By: Vinny Cappuccitti
Boxing… The sweet science… The squared circle… Whatever you want to call it, boxing has been an intricate part of my life.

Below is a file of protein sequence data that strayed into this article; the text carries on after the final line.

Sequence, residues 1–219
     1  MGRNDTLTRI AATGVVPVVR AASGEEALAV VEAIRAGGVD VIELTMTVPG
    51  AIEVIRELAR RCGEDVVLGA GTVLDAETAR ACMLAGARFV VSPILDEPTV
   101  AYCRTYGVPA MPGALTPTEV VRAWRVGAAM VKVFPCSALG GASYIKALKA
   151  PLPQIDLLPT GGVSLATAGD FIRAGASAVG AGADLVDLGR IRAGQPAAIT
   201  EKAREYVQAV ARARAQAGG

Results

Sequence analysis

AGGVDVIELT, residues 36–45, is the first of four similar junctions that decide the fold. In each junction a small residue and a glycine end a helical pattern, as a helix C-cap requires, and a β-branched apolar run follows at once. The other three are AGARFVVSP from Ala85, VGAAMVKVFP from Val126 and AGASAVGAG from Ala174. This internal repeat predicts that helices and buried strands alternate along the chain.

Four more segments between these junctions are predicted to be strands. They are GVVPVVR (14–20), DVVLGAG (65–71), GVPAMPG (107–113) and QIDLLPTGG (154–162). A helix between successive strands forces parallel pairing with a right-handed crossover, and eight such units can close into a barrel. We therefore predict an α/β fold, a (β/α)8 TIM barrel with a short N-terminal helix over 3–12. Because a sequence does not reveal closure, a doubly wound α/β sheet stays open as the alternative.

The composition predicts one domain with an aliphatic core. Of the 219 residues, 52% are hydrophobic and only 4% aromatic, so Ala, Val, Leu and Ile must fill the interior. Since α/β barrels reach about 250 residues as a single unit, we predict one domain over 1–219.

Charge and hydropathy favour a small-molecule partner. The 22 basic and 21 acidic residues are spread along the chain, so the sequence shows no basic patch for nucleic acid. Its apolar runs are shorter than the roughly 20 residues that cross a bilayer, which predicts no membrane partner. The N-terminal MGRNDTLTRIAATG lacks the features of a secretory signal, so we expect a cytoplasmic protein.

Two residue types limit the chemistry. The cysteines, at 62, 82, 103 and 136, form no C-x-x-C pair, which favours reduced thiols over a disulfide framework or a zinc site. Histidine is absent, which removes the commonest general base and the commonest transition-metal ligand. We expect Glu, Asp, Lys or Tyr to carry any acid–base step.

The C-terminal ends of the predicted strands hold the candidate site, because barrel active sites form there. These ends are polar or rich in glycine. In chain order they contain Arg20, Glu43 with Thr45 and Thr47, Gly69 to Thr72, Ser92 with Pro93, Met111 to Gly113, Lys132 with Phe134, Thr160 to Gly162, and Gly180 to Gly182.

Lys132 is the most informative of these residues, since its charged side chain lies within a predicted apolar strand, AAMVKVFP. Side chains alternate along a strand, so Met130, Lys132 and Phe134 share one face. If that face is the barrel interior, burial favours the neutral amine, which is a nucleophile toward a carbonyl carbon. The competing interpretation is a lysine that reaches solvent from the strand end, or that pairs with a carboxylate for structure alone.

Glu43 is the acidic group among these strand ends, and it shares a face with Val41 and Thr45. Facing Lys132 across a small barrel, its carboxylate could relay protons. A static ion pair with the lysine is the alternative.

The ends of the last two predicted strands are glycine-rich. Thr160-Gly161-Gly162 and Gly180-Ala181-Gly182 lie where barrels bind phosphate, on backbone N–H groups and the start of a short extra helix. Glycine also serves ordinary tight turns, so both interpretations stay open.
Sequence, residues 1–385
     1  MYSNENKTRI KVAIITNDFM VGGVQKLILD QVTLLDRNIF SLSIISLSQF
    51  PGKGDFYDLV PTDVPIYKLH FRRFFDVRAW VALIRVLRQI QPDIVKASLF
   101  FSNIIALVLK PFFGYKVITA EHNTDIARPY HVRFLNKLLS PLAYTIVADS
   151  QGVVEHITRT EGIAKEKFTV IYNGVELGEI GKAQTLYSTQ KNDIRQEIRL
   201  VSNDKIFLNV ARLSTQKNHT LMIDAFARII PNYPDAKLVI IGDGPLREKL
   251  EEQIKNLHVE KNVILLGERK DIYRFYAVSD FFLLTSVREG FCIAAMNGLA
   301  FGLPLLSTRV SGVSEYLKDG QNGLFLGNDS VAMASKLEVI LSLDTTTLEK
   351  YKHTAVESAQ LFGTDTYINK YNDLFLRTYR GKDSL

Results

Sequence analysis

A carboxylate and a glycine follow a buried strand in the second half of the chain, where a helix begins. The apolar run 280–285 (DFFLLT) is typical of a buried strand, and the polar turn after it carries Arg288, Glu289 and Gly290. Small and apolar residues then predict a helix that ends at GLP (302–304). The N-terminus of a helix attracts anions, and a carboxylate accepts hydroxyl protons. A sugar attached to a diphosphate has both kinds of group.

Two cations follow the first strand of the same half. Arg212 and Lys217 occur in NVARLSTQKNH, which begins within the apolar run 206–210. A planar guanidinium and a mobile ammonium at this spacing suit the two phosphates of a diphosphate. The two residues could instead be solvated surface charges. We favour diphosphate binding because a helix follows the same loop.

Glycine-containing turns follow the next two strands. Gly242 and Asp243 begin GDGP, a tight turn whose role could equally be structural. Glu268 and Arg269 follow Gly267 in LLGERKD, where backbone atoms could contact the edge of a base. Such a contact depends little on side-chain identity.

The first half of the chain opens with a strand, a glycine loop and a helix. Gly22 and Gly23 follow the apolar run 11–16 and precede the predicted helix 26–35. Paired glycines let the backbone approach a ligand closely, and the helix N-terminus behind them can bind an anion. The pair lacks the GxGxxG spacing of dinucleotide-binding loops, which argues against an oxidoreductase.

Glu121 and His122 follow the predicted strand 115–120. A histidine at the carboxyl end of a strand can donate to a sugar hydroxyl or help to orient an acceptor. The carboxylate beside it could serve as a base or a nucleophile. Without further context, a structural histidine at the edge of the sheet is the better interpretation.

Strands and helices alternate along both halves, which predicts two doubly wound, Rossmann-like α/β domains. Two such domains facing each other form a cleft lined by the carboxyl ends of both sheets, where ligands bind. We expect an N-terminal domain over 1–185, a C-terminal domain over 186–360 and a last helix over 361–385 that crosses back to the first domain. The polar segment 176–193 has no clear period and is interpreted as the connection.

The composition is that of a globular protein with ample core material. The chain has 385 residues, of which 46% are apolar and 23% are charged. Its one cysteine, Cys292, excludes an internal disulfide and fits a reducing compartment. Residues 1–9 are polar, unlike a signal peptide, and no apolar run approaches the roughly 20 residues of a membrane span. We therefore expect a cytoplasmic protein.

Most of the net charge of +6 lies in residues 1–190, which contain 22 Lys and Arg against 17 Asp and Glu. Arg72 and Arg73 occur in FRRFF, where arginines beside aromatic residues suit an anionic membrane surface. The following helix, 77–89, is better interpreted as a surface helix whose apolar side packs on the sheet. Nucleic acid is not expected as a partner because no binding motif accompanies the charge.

You could go as far as saying that boxing is my life. That’s how important it is to me. From day one, boxing has been a fundamental part of my life…as basic and essential as walking and talking. Let me elaborate on that. My father, Danny was a nationally-ranked boxer, fighting at middleweight. Along his journey of amateur boxing , he won very many prestigious awards and received accolades from his peers in the squared circle. To this day, my father still boxes and trains every single day of his life. You can imagine how important and dear he holds boxing to himself. So, like most young boys do, they gravitate to their fathers. Whether it’s wanting to shave alongside of them, dress like them or follow them in their business footsteps or line of work. Furthermore, in some cases, even follow them in their social activities and hobbies. Fortunately enough for me, my father’s passion was boxing, hence my passion became boxing. Ever since I can remember being able to walk, my father taught my older brother and I how to throw a punch. And it was not just any punch… a proper punch, with proper mechanics. We eventually learned to pack a punch that was enough to make you think twice about picking on either of one us…should we choose to use it. Ironically enough, my brother and I mostly “practiced” on each other, even to this day… with or without gloves; it didn’t really matter to us. Very fond memories of my childhood involved spending time at the boxing gym, either hitting the bag or watching my father. I would give him water in between rounds of action. He would make my two brothers and I analyze his training sessions, day in and day out. And when my father, a hulking 200+ pound man of solid muscle, would finish his grueling training, I would be assigned the task of rolling up his hand wraps. At home, my father and I would watch the latest pay per view fight whenever it was on TV. I would sometimes fall asleep because of how late in the night the main event would be on, but once that bell would ring I’d jump into action and watch eagerly! The venue for viewing the fights was and still is our basement…we had and still have a treasure trove of boxing memorabilia both in our basement and my bedroom. When I was alone with my father I’d ask him about many of his war stories. And when listening to them, I’d imagine with vivid detail how the scenarios would play out in my mind. In the end, my father was always the victor and hero. I idolize my father, so it’s a no brainer that I wanted to put on a set of gloves and actually train for real. Growing up I was bullied a lot in school. So this made me a shy and apprehensive kid. My life was a living torture day in and day out. For some reason, I was unable to stand up for myself. It became so bad, that my mother talked about me switching schools and running away from the problem. My father would have no part in it. In my family, we don’t run from our problems, we face them head on. So my father would train me when he had the time to do so. He taught me the fundamentals, the foot work, the movements. He’s engrained combinations into my brain, so much now that I can throw them in my sleep. Although the training was hard, my passion and love for the sport grew. Boxing’s a physical sport, but, in my opinion, it is much more mental. Mentally, I grew stronger and more confident with each day that I trained. Strong enough that one day when my tormentors were picking on me, I had had enough and challenged them to a fight. As everyone knows, when fights happen in middle school it is the biggest attraction to happen during recess. So as most of the school yard encircled to watch the spectacle, with my older brother in my corner, me and the young bully went toe to toe. Yes, it was a very frightening experience for me, but once I started swinging the butterflies went away. I was throwing combos like they were going out of style. I pummeled my bully so bad, he eventually submitted mid fight. This taught me a valuable lesson in my life. And it’s a philosophy I use to this day. When things get tough, buckle down, dig in your heels and come out swinging. This motto has served me, time and time again. With both success and failure! A lot of the life situations that I’ve faced, I relate them to a boxing match. If I didn’t have a physical opponent, my opponent became life. Like a good trainer does, he watches previous fights of his opponent and looks for flaws and mistakes. I would translate that to life situations. You can use the same analogies in life as you can in boxing. I’m sure everyone’s heard sayings like “Keep on swinging” “Rollin with the punches!” “Being down and out” “Stick and move” or even the terminology, one would refer to such things as a “Knock-out”. Boxing is a sport, no doubt, but it is also a way of life. Growing into my teens and early twenties, I used boxing as a different tool. After being bullied and on the receiving end of punishment, I used boxing a lot in the streets. I got into a lot of fights, mostly because I was known as the kid who was a boxer. Whether it was defending myself when challenged or if things were instigated by friends and got out of hand, everyone that knows me knows that I can handle myself pretty well. Some would even go as far as nicknaming me Rocky. Oddly enough, due to my deep Italian voice I even sound like him. I took that as a huge compliment. Boxing would sometimes work in my favor and sometimes it would work against me. None the less, I never stopped loving or practicing it. When I got suspended from school my father would give me the option to go to work or to go train at the gym. What do you think I would choose? When in my days of trouble I would use boxing as a gauge. When I noticed my life getting out of hand, I would go to the gym and train to try and keep myself sane and out of trouble. And, if I was partying too much, I’d go to the gym and box to see how bad of shape I was in. When my life went off track, what do you think was there to save me? That’s right. BOXING! Not only does it keep your body in killer shape, it also keeps you mentally sharp and mentally tough. And, in my opinion, for living a successful and happy life, you must possess these attributes. Boxing has taught me a lot about life and myself. To be good in boxing, you need many things. But it taught me mostly about hard work, dedication and discipline. When I look back, when my life was out of tune, guess what else was out of tune? So my training in boxing would translate over to my life. When I wasn’t training as hard as I could’ve been, and I wasn’t doing all the essentials of boxing training, my everyday life began to suffer. Boxing to me is like a religion. Thus making the gym my church. Some people worship Gods, I worship fighters. I found that as my life progressed, so did my love and passion for boxing. I began to get involved with fight stats, as well as learning the history of boxing and certain boxers. Being Italian obviously I would favor the Italian greats like Rocky Marciano, Jake LaMotta, Willie Pep, Ray “Boom Boom” Mancini and Arturo Gatti, to name a few. I would watch endless fights and training techniques by the greatest of all times on YouTube. Something I do even to this day! I’ve had the benefit of being trained by an assortment of bona fide professionals and world champions. Not only was I a disciple to these great men, I have the privilege of saying they are my dear friends. Now at 25 years old, I’m fortunate to say I train every day at Lanna MMA, and I practice my boxing as much as I can. I use road work as a form of meditation, and getting in touch with my inner thoughts as well as a form of reflection. Every week my father and I go back to the same old boxing gym we did my whole life, and we train together. Sometimes we’d work out simultaneously or sometimes he’d train me just like old times. And even to this day, when I get the opportunity, I’ll sit and watch my idol train, watching the tricks of the trade performed by a seasoned vet. This occurrence is the highlight of my week. Those sweet Sunday afternoons in the back room of the gym, where you hear the sounds of skipping ropes purr, the heavy bag being wailed upon and the speed bag as if it was a roulette table. Every day I live my passion and learn something new about my passion. How lucky of a man am I? When I reflect back on it, it seems that every single aspect of my life involves boxing. And if you ask me, I wouldn’t want to change a thing! Some people ask me how I can be involved with such a brutal sport. If you ask me, boxing is poetry in motion. It takes a certain kind of person to want to fight and train in such an engagement. Some see total brutality, I see endless beauty. What’s more natural and primal than mano a mano? Will vs. Will? Skill set vs. skill set? Such a thing of beauty! I’m glad my father decided to take up boxing for a passion. Because if he didn’t, who knows where I would be right now? But I know, wherever that may be, it probably wouldn’t involve such an important aspect of my life. My life would be empty. A normal person wouldn’t choose boxing as a love, but then again boxers and fighters aren’t normal people…they are a different breed of warriors. I know I sound like I’m talking about a relationship, but in a way, boxing has been for me. I would sometimes pick boxing over girlfriends or dates. Or, if my love life was in trouble, I’d go to the gym and train. Not a day goes by when boxing isn’t on my mind. Love it or hate it. Boxing is very important to me. This is what boxing means to me.